Water wheels have been used for a number of years to accomplish many manual tasks. Additionally, waterwheels have been used to generate energy. These waterwheels suffer from a number of limitations that various aspects of the present invention address.

One embodiment of a stationary waterwheel apparatus 200, illustrated in FIG. 1A, includes a plurality of circular partitions, such as partition 20, that serve as exterior sides and inner separators for one-piece inboard rotor shafts 22 and one-piece outboard rotor shafts 24 as illustrated in FIGS. 1B and 1C, respectively. In an exemplary embodiment, the partitions 20 may be fabricated from a reinforced plastic additionally strengthened through isogrid stiffening technology as is known in the art. The number of partitions 20 may be site installation dependent.

The one-piece inboard rotor shafts 22 are flanged on both ends as illustrated in FIG. 1B. The one-piece outboard rotor shafts 24 are flanged on one end and are equipped with a splined-end rotor drive journal (“drive journal”) 26 on the other end, as illustrated in FIG. 1C. In one embodiment, the inboard rotor shafts 22 may be a plastic derived from plastic filament winding technology as is known in the art. In one embodiment, the outboard rotor shafts 24 may be a combination of reinforced plastic, derived from plastic filament winding technology. The number of inboard rotor shafts 22 is determined by site installation requirements.

The partitions 20 are equipped with pre-drilled mounting holes to accommodate installation of the inboard and outboard rotor shafts 22 and 24. The flanged ends of the inboard and outboard rotor shafts 22 and 24 are also pre-drilled for installation. The flanged ends of the inboard rotor shafts 22 are bolted to the partitions 20. The flanged ends of the outboard rotor shafts 24 are bolted to the exterior of the outboard partitions 20.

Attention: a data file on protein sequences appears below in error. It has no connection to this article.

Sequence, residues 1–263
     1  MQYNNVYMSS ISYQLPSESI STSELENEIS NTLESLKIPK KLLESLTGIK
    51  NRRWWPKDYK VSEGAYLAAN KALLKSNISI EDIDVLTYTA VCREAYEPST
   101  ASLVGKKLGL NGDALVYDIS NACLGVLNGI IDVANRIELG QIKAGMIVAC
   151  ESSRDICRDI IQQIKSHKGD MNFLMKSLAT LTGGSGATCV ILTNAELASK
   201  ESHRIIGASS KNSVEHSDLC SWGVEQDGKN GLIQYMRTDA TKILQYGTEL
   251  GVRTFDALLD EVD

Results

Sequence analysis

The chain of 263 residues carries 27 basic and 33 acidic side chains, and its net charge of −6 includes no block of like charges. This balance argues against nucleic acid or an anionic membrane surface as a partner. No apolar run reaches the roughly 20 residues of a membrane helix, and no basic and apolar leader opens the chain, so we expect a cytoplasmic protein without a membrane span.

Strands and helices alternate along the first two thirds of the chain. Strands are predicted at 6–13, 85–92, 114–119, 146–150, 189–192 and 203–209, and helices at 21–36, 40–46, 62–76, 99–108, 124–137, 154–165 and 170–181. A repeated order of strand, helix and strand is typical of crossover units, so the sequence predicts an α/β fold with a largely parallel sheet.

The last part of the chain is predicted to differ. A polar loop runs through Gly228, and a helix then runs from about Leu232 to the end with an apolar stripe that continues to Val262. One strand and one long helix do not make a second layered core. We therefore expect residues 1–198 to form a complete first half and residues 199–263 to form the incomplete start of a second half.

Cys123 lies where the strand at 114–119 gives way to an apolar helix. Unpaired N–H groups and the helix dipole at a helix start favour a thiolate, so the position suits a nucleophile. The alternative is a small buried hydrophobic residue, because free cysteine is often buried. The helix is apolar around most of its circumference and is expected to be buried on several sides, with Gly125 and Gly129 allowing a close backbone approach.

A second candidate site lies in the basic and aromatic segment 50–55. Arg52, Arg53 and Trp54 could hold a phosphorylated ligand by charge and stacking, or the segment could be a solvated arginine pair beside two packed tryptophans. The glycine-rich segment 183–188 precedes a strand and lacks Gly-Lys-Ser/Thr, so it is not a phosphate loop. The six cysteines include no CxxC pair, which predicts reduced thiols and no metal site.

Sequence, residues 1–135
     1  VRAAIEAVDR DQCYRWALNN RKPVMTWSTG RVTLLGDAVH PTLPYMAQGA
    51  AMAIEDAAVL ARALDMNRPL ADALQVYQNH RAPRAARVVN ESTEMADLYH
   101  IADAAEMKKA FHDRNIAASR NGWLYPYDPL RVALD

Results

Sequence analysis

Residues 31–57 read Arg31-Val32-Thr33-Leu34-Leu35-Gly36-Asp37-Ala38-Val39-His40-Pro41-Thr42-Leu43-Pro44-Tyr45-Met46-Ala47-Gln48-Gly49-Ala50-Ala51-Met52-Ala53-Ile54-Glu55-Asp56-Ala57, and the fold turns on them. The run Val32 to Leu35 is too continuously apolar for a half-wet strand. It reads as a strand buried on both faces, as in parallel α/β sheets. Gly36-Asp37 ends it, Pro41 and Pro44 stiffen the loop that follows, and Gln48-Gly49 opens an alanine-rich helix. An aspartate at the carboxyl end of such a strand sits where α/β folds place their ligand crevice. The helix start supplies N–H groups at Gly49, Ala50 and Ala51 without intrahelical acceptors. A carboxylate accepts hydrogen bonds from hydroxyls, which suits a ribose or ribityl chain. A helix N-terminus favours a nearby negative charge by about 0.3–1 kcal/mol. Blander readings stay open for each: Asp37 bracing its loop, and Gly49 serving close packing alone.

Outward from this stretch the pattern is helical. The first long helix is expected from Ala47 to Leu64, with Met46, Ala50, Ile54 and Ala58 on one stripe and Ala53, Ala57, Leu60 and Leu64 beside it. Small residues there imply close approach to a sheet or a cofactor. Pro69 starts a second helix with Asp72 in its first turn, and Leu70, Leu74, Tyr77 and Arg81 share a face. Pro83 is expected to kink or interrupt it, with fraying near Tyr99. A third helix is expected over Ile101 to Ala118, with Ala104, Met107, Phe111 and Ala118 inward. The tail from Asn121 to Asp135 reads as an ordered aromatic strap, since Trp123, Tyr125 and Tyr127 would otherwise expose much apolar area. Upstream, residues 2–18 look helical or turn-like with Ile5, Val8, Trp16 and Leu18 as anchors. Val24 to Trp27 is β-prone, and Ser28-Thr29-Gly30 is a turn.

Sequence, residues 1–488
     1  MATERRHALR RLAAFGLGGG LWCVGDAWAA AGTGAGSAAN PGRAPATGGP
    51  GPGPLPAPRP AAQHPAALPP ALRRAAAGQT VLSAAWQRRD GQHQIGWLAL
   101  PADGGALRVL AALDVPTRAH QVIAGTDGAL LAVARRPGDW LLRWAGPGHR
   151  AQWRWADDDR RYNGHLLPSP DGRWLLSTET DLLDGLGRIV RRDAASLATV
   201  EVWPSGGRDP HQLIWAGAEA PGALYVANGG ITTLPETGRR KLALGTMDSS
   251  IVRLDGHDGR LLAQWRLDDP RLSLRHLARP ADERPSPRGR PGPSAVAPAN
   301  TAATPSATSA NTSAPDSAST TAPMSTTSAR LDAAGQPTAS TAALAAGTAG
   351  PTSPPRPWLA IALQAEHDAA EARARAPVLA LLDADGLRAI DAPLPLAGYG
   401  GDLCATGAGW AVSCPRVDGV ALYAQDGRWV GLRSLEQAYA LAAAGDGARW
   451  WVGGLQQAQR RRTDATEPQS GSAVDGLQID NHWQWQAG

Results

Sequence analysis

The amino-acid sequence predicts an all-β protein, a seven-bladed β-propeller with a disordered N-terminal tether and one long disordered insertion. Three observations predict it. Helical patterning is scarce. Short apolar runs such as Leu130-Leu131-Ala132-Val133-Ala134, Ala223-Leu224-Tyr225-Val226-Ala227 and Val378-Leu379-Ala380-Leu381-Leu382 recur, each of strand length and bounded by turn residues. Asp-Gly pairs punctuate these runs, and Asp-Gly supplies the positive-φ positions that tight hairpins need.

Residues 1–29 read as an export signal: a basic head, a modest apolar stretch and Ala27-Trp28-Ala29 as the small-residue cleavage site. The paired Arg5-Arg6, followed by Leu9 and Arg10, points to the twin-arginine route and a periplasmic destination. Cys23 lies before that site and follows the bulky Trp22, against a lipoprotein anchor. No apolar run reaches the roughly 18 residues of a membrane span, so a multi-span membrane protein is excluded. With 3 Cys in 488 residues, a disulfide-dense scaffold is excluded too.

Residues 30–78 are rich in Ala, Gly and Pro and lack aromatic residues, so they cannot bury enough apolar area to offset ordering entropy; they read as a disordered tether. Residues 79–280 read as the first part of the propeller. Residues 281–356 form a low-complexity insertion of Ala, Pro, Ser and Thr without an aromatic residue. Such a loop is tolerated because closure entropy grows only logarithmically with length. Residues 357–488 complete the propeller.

The drive journal 26 of the outboard rotor shaft 24 on one side of the stationary waterwheel assembly 200 is fitted with a held-type bearing assembly 28. The drive journal 26 of the outboard rotor shaft 24 on the other side of the rotor assembly is fitted with a floating bearing assembly 30.

FIG. 2A illustrates a rotor assembly 170 comprising a plurality of hinged rotor blades 32 mounted between partitions 20. In one embodiment, in order to mitigate water leakage and loss of kinetic energy, each hinged rotor blade 32 may be fitted with spring-loaded water seal assemblies 34 as illustrated in FIGS. 2B and 2F. As illustrated in FIGS. 2C and 2D, there is a groove 33 on each of the outside edges of each hinged rotor blade 32. There are slot-shaped openings 35 that go through the two outside surfaces of the rotor blade 32 and through the groove 33. Tension springs 37 and water seals 39 are placed in the grooves 33 of the rotor blade 32. Thru-bolts 41 are inserted through the slots and predrilled openings in the water seals 39 and secured on each side of the rotor blade 32 with nuts and washers. The springs 37 place tension against the water seals 39 and the thru-bolts 41 hold the springs 37 and water seals 39 in place. The slots allow for gradual outward movement (from the spring tension) of the water seal 34 as it wears.

The inboard edges of the hinged rotor blades 32 that will be closest to the inboard rotor shafts 22 have cylindrical openings on each side into which water-lubricated plastic bearings 36 are installed as illustrated in FIG. 2B. In one embodiment the hinged blades 32 are fabricated from reinforced plastic additionally strengthened through internal and external isogrid stiffening technology as is known in the art.

Replaceable wear shields 38, illustrated in FIG. 2E, are placed on the partitions 20 in preformed recesses that have a center hole. The hinged blades 32 are mounted to the partitions 20 radially from the periphery of the inboard rotor shafts 22 to the outer edges of the partitions 20. The hinged blades 32 are secured to the partitions 20 through the wear shields 38 with ceramic hinge pin assemblies 40 as illustrated in FIG. 2E. As illustrated in FIG. 2A, forward-swing and backswing energy dampener/stops 42 and 44 may be mounted on the partitions 20 for each hinged blade 32.

In one embodiment, as illustrated in FIG. 1A, waterwheel apparatus 200 may include a horizontal thrust shoe 46 with vertical flow-straightening vanes 48. As illustrated in FIG. 3, the ends of the thrust shoe 46 may be equipped with openings 50 to accept the legs of maintenance towers 52. In one embodiment, the horizontal thrust shoe 46 may be fabricated from lightweight aggregate and reinforced concrete and the flow-straightening vanes 48 may be reinforced plastic.